Helps manage weight

      Cleans skin

Let’s take a closer look at each of these benefits!

 

Eliminates Toxins

Sweating is a great way for your body to eliminate harmful toxins. Toxins can be anything such as pollutants, chemicals, metals, or processed foods—definitely substances you don’t want in your body! This is just one reason why you should dedicate some time to sweating. For example, a clinical study found that sweating has the ability to remove bisphenol A, or BPA, from the body. BPA has been known to have certain health effects on the brain and can cause your blood pressure to rise. Sweating is also able to remove other certain toxins, so be sure to take some time to allow your body to sweat them out!

 

Boosts Energy and Mood

Sweating, especially while working out or exercising, is beneficial to your mood and energy levels. This is partly due to circulation increasing due to physical exertion, but it also has a chemical effect on our body too. For example, sweating is known to trigger the release of endorphins. Endorphins are the hormones that lead to positive feelings, so an increase of them will help you feel better and more energized throughout the day.

 

Pain Relief

We’ve already determined that sweating can lead to the release of endorphins, helping to boost your mood and energy. But endorphins are also able to offer other health and wellness benefits. The other main benefit is relief for pain and discomfort. Endorphins are most often released when our body experiences pain. So, when you sweat, the release of endorphins has the same effect and can also help prevent pain altogether!

 

Helps Manage Weight

Managing your weight can be tricky business. It can often involve rigorous exercise regimens and restrictive diets. Luckily, sweating offers a helpful solution to help you on your weight loss journey! This works because our body burns calories as it starts to cool itself down through sweating. Sweating also helps eliminate water weight inside of the body, too. So, sweating is definitely something that you should consider if you are trying to lose weight or manage weight.

 

Cleans Skin

Dermatologists are constantly looking for new ways to treat and clean skin. But there really isn’t anything better than sweating! It has been known for years that sweating, specifically from sauna treatments, is able to cleanse away dirt and other toxins in the skin that clog your skin. It is also able to help improve circulation, giving your skin a healthy, glistening appearance. Who wouldn’t want that?

 

The Best Way to Sweat More

There are quite a few ways to help your body sweat more. These include longer workouts or exercising more often. And while these are great, they can often be time and effort consuming. Luckily, there is one solution that is amazing at helping you sweat more: far infrared therapy mats from us at HealthyLine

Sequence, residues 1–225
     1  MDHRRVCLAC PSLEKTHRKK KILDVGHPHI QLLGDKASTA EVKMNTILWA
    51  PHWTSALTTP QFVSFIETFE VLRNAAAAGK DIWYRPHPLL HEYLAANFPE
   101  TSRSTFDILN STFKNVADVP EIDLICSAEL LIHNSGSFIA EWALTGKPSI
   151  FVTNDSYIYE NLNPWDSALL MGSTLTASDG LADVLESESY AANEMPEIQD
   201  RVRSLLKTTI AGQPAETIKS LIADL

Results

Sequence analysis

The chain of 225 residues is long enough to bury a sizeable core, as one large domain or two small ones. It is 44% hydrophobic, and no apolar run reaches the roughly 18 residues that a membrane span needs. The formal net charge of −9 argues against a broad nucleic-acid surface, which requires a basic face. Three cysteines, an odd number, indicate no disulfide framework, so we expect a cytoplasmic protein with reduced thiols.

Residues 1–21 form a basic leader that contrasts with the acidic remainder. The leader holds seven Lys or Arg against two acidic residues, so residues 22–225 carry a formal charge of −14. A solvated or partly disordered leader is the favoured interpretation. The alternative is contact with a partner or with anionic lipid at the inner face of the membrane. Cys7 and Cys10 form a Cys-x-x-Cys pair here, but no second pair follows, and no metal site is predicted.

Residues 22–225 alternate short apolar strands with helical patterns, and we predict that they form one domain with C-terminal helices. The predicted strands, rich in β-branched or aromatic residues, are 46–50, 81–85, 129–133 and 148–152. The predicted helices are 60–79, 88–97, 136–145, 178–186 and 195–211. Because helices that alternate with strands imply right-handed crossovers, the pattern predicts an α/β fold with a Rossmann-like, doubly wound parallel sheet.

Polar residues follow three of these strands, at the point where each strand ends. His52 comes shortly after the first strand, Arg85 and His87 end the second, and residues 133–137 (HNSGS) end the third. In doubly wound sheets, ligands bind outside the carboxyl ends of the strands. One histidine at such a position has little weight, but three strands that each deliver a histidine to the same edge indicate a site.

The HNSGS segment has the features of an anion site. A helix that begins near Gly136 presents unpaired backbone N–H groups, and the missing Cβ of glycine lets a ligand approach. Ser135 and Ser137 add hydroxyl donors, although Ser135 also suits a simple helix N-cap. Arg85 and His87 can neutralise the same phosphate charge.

The 360 Wrap Mat TAO&SOFT from HealthyLine

The Cocoon Mat TAO&SOFT Full 7224 from HealthyLine is the best way to sweat more.

Since our founding, we’ve made it our mission to help millions of people achieve a healthier lifestyle. That’s why every single one of our InfraMat Pro therapy mats utilize far-infrared heat to warm the body, leading to a wide range of health and wellness benefits. One of these benefits is sweating and detoxing the body. 

Far infrared heat is better than normal heat therapy because it is able to penetrate deeper into your body, allowing you to warm up from the inside. This is much more effective at slightly raising your body temperature (to a safe level) to allow you to sweat more. Far infrared heat has also been studied and shown to temporarily relieve joint and muscle pain. There really is no other solution that allows you to sweat more while relaxing and improving your overall well-being—all from the comfort of your own home!

See our selection of our Healthy far-infrared mats on this page!

 

Who Knew Sweating Could Be So Good for You?

Sweat and perspiration are something that people tend to avoid. I hope this article has given you some good information on the benefits of sweating and some pointers on how to sweat more. While there are a number of ways to induce sweating, our far infrared therapy mats at HealthyLine offer you the best way to sweat. They also offer a wide variety of other health and wellness benefits, too.

So, introduce the benefits of sweating today with HealthyLine!

 

Categories: Benefits, Detox

About Author

Lizzie Wendel is a professional health blogger with years of experience writing in the wellness industry. For over a decade she has been an active voice, promoting the use of alternative medicine to help combat health-related issues and put to rest the negative associations of alternative medicine.

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The information on this website has not been evaluated by the Food & Drug Administration or any other medical body. We do not aim to diagnose, treat, cure or prevent any illness or disease. Information is shared for educational purposes only. You must consult your doctor before acting on any content on this website, especially if you are pregnant, nursing, taking medication, or have a medical condition.